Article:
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## Revision as of 13:47, 16 August 2016

## Contents

## Starting Matlab

To start matlab you need to load the Matlab module first. You can do this using the following command:

-bash-4.1$ module load Matlab

This will setup the environment for the latest Matlab version. To see a list of all installed versions, use the command **module spider Matlab**.

To start matlab, use the following command:

-bash-4.1$ matlab

Depending on your X server settings, this will start either the Matlab GUI or the Matlab command line interface. To force matlab to start in command line interface mode, use the following command with the *nosplash* and *nodisplay* flags:

-bash-4.1$ matlab -nosplash -nodisplay

By default, Matlab will enable its multi-threading capabilities and will use as many threads (cores) as available. Since our login nodes are shared we **don't** allow individual users to use more than 8 cores on a node. For that reason, we added Matlab code to the system startup script to limit the number of threads. Currently we set it to 4 threads. To explicitly disable multi threading, use the following command with the appropriate flag:

-bash-4.1$ matlab -singleCompThread

**NOTE:** when you run interactively (i.e. on the login nodes) there are some other limits as well. For example, CPU time is limited to 1 hour (your matlab run will get killed by the system automatically after that). For other interactive limits, please see the appropriate pages for the system your are running on.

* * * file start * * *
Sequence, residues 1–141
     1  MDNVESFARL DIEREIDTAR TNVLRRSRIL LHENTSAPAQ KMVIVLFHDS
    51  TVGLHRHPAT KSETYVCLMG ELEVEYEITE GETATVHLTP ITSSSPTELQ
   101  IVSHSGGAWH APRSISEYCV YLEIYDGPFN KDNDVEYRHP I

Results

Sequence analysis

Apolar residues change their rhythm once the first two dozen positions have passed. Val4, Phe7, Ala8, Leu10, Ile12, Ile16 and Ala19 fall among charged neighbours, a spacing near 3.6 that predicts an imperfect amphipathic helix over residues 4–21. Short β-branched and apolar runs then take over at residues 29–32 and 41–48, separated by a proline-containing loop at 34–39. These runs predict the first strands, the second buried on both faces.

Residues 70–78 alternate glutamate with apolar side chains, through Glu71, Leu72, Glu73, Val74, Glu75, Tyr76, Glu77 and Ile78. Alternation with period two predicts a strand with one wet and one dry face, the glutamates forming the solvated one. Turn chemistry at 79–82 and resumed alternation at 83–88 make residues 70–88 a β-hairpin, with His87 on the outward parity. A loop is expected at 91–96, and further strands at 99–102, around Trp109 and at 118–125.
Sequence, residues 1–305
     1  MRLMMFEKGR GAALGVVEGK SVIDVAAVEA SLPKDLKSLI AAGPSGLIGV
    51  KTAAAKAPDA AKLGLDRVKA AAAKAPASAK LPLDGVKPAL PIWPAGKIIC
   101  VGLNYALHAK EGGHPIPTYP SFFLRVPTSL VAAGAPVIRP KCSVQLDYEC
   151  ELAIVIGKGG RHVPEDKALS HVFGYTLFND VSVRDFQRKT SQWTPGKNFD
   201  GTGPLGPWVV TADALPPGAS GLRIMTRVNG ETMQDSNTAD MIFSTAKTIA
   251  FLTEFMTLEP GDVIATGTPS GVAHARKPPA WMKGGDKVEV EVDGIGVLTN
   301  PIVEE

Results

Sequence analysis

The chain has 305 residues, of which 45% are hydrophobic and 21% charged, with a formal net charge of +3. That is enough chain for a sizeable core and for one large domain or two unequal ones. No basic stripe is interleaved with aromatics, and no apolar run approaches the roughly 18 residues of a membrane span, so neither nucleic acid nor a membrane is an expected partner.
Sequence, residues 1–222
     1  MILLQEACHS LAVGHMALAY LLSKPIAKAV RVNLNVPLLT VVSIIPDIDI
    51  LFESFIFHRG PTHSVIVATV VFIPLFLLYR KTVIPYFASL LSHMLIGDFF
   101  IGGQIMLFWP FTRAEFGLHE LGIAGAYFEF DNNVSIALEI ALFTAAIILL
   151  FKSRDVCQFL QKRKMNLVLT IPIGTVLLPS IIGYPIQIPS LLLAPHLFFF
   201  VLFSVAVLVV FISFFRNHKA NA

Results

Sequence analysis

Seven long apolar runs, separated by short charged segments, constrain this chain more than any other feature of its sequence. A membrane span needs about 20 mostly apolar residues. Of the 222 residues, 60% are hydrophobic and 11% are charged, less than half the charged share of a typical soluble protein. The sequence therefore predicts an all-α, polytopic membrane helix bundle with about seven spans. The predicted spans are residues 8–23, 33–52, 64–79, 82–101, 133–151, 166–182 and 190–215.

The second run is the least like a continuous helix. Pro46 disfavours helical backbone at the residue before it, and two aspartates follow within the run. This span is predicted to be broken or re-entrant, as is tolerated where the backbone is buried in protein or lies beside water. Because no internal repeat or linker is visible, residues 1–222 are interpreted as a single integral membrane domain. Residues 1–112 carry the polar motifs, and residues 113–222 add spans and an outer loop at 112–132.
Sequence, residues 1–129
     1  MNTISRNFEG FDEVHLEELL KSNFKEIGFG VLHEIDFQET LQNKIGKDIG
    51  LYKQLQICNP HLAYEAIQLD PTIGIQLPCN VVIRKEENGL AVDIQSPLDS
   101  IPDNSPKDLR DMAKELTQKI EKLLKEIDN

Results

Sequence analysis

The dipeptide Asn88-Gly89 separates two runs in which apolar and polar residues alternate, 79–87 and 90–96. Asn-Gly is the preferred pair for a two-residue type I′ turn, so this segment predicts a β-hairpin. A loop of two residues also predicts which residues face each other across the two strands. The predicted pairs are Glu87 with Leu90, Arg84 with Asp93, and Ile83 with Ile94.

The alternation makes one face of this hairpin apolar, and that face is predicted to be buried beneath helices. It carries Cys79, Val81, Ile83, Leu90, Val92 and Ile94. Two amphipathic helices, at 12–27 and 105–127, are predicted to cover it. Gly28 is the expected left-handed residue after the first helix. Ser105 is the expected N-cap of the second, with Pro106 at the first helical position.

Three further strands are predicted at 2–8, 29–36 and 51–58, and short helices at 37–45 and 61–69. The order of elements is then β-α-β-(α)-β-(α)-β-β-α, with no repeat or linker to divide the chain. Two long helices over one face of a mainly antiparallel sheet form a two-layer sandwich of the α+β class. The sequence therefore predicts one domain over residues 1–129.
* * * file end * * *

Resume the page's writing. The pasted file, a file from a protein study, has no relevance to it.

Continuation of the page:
## matlabsubmit: running matlab codes on the compute nodes

TAMU HPRC provides a tool named **matlabsubmit** to automate the process of running Matlab simulations on the compute nodes without the need to create your own batch script. This is the recommended way of running Matlab simulations on the compute nodes since it guarantees all batch resources are set correctly. In addition, matlabsubmit will also set the number of Matlab computational threads. If any additional Matlab workers are requested, it will automatically create a Matlab *parpool* using the correct profile (using a *local* profile for single node and a *ClusterProfile* for multiple nodes).

To submit your Matlab script, use the following command:

matlabsubmit myscript.m

When executing, matlabsubmit will do the following:

- generate boiler plate Matlab code to setup the matlab environment (e.g. #threads, #workers)
- generate a batch script with all resources set correctly and the command to run matlab